Congrats! I’m so with you. It’s so difficult figuring out what I should bring to my internship to Spain. The husband is not coming :( but he will visit for Valentine’s Day. I think the most important “cook book” for me to bring will be Harold McGee’s On Food & Cooking. Definitely bringing my hardcore science books: Food Materials Science, Flavor Chemistry, Food Chemistry. Books weight so much but hold so much knowledge. (Hazan’s book is one of my all-time favorite!)

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Erin Swing December 15, 2009 at 11:03 pm

Oh yeah. I had no problem at all eating gluten free in Switzerland, ever. Even when they seem like they’re arrogant Swiss jerks, they know their food, and won’t get him sick. I actually eat very well in Switzerland. GF Bread is difficult to find. Try the “Bio” stores. They are the Euro equivalent for natural food market/store. Always great gluten free options there! Good luck!

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Jenn December 15, 2009 at 11:03 pm

Good to hear! Yep I’ve figured out bio=organic, and sans gluten is GF in French :) I understand about the chemistry books, I have an entire box devoted to just chemistry….which is why I don’t have much room for cooking…I may have to break my rule and bring Hazan anyways, I would never have learned to make pasta or risotto so successfully without her!

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Jennifer December 15, 2009 at 11:04 pm

What exciting news! I hope you have a smooth and uneventful move. Can’t wait to get your blog updates from Switzerland! :)

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Stacy December 15, 2009 at 11:47 pm

How exciting! I loved Switzerland, but was there briefly and am pro-gluten ;p

Good luck with the move!

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Amy I. December 16, 2009 at 2:21 am

Congrats Jenn! I’m so excited for you and can’t wait to hear about your adventures (and see pictures)!

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Branny December 16, 2009 at 8:13 am

How long will you be gone!? I voted for Ratio — it helps you create new recipes all your own.

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Woman with a Whisk December 16, 2009 at 9:48 am

Congrats! Sounds like a fun new adventure.

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Woman with a Whisk December 16, 2009 at 9:49 am

PS-I agree with Branny!

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Erin Swing December 16, 2009 at 10:23 am

Ratio is the smallest/lightest book. IMO the most useful, too. I have yet to make something from the joy of cooking that I like.

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Charli December 16, 2009 at 3:23 pm

Switzerland!!! How exciting! I can’t wait to see pictures!

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verO December 16, 2009 at 5:30 pm

Hello
My name is Veronique. I’m a swiss women living in the french part of Switzerland.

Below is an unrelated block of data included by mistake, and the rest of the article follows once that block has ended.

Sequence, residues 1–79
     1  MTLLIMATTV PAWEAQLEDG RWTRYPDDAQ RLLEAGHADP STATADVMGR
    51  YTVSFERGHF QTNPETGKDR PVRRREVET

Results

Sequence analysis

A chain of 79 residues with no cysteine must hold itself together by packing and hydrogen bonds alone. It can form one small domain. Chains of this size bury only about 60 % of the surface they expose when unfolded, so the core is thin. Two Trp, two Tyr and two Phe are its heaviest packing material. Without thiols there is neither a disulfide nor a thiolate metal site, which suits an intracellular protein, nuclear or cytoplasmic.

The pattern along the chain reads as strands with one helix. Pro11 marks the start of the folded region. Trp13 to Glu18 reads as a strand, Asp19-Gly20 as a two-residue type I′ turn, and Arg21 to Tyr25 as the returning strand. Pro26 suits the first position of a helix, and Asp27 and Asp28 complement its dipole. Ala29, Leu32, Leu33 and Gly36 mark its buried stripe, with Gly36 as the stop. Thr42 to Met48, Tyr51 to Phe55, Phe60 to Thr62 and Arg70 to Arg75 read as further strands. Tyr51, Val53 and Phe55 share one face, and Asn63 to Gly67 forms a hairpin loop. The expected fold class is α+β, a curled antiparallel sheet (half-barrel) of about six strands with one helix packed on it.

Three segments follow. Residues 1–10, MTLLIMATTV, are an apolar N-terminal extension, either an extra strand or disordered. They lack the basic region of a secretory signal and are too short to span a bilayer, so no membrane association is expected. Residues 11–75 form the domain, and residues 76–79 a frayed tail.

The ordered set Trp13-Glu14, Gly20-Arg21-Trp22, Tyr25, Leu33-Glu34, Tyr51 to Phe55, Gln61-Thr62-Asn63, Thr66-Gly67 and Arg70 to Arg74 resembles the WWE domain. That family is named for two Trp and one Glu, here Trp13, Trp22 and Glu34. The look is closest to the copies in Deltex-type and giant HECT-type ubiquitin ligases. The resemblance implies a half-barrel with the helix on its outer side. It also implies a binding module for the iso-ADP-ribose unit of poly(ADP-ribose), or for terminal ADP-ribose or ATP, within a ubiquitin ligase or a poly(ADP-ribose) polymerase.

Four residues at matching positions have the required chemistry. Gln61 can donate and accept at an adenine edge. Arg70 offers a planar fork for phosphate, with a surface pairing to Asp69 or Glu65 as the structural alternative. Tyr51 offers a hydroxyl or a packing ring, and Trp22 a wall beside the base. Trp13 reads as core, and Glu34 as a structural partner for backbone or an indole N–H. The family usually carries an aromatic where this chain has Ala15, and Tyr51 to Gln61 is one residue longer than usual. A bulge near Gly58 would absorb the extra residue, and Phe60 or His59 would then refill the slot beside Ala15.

If you need some advises about the way of life in my country, I would be happy to help you.
Here is my e-mail, so if you are interested, please feel free to send me a mail.

delimoon(at)hotmail.com

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Thierry December 16, 2009 at 7:37 pm

Hi, I came there with a link from foodgawker !
As a swiss citizen (yes I came from a small village 40km far from the village of Gruyères where everything come from (the fondue and the cheese)) the use of Emmentaler is really strange. Usually we mix 50% of mid aged gruyère and 50% of Vacherin Fribourgeois. I know that’s pretty hard to find Vacherin in the US (but I’ve found it when I was there).

Don’t worry to much about gluten free groceries there are plenty of them in our stores.

If you have any questions about the original fondue recipe or related to switzerland just ask me !

Welcome to my country !

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Jenn December 16, 2009 at 7:42 pm

Hi and thanks! Hmmm I have never seen Vacherin Fribourgeois here in the states – but I will definitely have to amend my recipe and try it when I get there! Thanks for the correction – oh there are so many cheeses I am going to have to try….

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kamran siddiqi December 16, 2009 at 8:05 pm

Jenn, thanks so much for the mention and your kind words. I had to click on this post from twitter. And when I did I began reading and eventually saw your mention about my site and I! Thank you!!

Congrats on the move. I’d say bring Ratio with you… The Joy of Cooking Cookbook can be found just anywhere on the globe, which means it would be a waste to take a book you can get anywhere. Ratio on the other hand is hard to find sometimes and is definitely worth taking with you.

That’s just my opinion.

I hope the move goes well! Enjoy that awesome bread!! :)

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Elise December 16, 2009 at 8:31 pm

Congratulations Jenn! Sounds like an exciting move. And all cheese! and cured meats.

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Karine December 16, 2009 at 10:22 pm

Congrats for your move! That is so exciting! :)